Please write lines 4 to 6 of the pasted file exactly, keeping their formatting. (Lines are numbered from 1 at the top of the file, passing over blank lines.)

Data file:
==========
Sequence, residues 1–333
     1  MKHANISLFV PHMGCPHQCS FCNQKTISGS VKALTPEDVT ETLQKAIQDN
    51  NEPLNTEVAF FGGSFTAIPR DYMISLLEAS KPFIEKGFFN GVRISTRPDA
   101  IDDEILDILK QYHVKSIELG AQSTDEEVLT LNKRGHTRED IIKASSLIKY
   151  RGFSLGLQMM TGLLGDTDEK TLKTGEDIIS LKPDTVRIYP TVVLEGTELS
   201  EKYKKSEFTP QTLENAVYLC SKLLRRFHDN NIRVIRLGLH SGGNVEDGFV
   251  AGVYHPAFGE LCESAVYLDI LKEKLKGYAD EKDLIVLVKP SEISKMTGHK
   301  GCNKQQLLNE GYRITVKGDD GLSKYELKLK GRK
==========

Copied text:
   101  IDDEILDILK QYHVKSIELG AQSTDEEVLT LNKRGHTRED IIKASSLIKY
   151  RGFSLGLQMM TGLLGDTDEK TLKTGEDIIS LKPDTVRIYP TVVLEGTELS
   201  EKYKKSEFTP QTLENAVYLC SKLLRRFHDN NIRVIRLGLH SGGNVEDGFV